I’m reminded of that old John Candy movie as European air travelers to and from Europe recently struggled to get to their destinations by whatever means they could, thanks to airline problems with Iceland’s volcanic ash. An acquaintance, in the U.S. for a conference, returned to Germany through Mexico to Madrid and then by train to Frankfurt. It was a case of adaptability and flexibility, traits of which I find we typically are in short supply.
I just returned from a trip to Long Island where I used an auto ferry for part of the trip. For those of you familiar with Interstate 95 in Connecticut, you know that the stretch from New Haven south can be a nightmare, so taking the ferry to and from Port Jefferson is a relaxing and stress-free way to cut more than 100 miles of heavily trafficked roads off the trip.
The point is that I adapted to a potentially messy situation on the Interstate and, by rearranging my plans, I built flexibility into the schedule that enabled me to pull this off. In all fairness, the ferry trips added another $25 to the trip cost, $100 for the ferries less the $75 I saved for mileage.
As this is being written I am assuming that a trip to Germany next week, where I will present at the AKL Technology Business Day in Aachen, will happen. However, it is a little more problematical, as I do not have a fall-back plan if the ash from Iceland's volcano returns to plague the skies again.
The subject of adapting to change and having the flexibility to make it happen is pertinent to our industry. The past few weeks have seen a plethora of news items on manufacturing in the U.S. adapting to the recession's recovery by making improvements in productivity. I have spoken to numerous managers from the equipment supplier industry who mention the commitment their customers have made to “lean” and “green” manufacturing, promulgated by the cuts they made as the recession deepened.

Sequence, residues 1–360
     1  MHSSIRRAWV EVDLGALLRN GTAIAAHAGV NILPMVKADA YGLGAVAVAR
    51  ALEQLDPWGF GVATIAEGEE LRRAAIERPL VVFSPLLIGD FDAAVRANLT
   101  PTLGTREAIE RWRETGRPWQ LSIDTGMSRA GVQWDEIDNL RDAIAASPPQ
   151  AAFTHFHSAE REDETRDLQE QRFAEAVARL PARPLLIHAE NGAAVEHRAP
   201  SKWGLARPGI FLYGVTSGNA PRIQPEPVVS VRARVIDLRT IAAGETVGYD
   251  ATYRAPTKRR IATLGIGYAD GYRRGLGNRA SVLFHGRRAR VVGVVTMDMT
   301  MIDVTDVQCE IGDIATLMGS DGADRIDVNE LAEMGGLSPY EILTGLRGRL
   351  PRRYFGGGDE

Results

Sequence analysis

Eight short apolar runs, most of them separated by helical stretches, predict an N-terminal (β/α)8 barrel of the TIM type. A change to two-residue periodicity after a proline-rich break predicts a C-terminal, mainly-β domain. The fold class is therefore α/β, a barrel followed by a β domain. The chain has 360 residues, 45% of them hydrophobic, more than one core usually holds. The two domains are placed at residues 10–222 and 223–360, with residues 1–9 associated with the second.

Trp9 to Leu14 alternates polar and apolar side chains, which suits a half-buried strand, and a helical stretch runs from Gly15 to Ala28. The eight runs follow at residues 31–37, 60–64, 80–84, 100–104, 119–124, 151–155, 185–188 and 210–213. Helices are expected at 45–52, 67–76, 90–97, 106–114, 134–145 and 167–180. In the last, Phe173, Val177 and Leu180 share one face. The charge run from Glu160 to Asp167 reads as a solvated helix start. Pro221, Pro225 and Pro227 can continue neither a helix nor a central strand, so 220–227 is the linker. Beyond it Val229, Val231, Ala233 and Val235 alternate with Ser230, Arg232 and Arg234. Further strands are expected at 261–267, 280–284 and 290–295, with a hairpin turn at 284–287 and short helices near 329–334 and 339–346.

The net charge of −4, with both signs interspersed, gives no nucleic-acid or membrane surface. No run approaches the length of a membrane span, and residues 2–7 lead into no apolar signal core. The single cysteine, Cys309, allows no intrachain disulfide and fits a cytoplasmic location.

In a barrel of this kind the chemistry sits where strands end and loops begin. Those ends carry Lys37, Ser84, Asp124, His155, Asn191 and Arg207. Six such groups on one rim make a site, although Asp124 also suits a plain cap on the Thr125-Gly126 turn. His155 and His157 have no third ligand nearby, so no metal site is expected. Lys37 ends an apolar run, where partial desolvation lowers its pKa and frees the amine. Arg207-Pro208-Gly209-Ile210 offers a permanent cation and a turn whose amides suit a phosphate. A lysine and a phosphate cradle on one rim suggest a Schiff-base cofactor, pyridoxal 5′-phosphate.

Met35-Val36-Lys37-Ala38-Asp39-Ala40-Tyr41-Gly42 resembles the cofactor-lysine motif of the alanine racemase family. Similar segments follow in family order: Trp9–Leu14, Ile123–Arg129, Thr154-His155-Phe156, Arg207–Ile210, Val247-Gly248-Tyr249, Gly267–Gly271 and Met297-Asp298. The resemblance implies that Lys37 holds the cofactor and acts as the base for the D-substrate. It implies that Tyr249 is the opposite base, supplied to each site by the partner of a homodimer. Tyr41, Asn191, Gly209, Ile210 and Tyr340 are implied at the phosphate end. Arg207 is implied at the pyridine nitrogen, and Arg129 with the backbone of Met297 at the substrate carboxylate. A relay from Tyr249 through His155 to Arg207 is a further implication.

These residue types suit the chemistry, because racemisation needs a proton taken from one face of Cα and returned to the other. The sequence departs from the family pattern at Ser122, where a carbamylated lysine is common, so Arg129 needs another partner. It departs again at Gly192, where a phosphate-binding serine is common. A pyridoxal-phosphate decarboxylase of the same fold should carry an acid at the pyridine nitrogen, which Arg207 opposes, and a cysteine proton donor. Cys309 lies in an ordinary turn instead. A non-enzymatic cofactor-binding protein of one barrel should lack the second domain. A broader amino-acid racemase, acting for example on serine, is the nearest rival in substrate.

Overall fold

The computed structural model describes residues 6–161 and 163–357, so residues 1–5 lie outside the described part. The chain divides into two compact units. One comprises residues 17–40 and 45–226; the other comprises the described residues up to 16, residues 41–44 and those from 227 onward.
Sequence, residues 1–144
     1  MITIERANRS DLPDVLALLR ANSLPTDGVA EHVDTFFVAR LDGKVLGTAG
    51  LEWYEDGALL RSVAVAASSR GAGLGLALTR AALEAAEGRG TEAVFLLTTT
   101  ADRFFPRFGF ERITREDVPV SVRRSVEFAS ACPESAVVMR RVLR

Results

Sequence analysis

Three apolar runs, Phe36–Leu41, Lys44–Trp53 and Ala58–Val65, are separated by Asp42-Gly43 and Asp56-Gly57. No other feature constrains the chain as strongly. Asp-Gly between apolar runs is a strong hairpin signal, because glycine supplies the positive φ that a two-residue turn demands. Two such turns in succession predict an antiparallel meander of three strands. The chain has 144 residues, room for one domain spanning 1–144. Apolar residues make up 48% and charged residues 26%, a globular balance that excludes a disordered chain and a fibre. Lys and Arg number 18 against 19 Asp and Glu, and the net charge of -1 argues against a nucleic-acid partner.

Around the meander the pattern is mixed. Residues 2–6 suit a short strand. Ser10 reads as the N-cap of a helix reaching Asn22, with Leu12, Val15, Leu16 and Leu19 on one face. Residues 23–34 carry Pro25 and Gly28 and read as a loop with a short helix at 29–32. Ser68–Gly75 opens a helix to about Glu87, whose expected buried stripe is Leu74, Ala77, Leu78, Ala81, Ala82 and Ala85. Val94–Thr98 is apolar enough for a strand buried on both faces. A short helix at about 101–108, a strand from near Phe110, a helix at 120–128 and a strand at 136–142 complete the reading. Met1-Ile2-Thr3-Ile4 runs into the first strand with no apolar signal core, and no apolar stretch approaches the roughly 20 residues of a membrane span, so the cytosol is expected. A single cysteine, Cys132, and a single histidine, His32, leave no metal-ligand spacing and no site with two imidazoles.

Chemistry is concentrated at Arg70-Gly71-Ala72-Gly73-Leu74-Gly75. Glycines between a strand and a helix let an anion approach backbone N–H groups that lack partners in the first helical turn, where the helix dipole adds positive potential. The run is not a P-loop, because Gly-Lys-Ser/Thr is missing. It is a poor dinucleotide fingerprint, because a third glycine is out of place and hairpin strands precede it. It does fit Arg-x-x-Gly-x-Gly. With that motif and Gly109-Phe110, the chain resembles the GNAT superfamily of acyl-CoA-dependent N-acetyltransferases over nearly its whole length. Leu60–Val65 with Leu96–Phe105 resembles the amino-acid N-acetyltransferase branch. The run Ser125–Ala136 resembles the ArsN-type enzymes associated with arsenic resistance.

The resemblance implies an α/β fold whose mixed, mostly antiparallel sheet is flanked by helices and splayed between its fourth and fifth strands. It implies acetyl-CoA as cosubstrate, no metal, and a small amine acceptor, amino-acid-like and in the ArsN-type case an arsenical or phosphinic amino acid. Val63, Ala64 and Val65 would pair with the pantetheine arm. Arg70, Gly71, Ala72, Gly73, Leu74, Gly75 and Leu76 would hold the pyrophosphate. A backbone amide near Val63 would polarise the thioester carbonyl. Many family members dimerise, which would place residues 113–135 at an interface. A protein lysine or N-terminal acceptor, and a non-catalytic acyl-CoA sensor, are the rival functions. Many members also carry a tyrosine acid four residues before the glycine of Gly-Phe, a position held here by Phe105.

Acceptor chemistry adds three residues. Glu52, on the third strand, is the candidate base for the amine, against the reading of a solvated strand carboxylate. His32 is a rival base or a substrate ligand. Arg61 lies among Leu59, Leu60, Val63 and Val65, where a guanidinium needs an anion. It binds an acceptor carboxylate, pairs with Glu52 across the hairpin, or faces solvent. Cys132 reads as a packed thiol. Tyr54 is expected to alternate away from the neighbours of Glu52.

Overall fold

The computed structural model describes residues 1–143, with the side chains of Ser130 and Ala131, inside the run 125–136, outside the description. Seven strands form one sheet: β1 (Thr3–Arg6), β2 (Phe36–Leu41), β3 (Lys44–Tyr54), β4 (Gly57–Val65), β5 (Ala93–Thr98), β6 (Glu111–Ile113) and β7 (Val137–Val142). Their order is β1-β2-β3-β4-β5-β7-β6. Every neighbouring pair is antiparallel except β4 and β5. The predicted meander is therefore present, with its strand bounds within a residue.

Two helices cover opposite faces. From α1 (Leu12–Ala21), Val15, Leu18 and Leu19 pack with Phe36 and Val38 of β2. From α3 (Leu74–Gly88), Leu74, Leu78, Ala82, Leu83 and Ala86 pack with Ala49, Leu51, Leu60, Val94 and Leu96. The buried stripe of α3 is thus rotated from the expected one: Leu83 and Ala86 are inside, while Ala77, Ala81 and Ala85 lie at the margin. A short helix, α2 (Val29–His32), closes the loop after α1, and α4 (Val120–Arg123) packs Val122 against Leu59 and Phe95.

Quite often I heard the word flexibility mentioned as they told me of the draconian cuts that were effected and how they found they could survive with less. This experience, born in one of our most disastrous economic climates, may be an aberration, and as things begin to ease, the temptation to a looser approach, emulating the old ways, may return. Some would argue that they see hints of this in the staffing-up that is apparent at some of the leading suppliers. However, I would counter by pointing out that cuts made last year were deep into the marrow of the bone and that one can only push employee efficiency so far before you lose talent to competitors.
My message is the one I have harped on for some time now: lasers for industrial material processing are for the most part productivity enhancers, and in many cases automated to the point where productivity per man-hour is not lessened. I don’t have numbers to support this, but my instincts, based on long observation of this industry sector, tell me laser technology will ride out the recovery in good shape.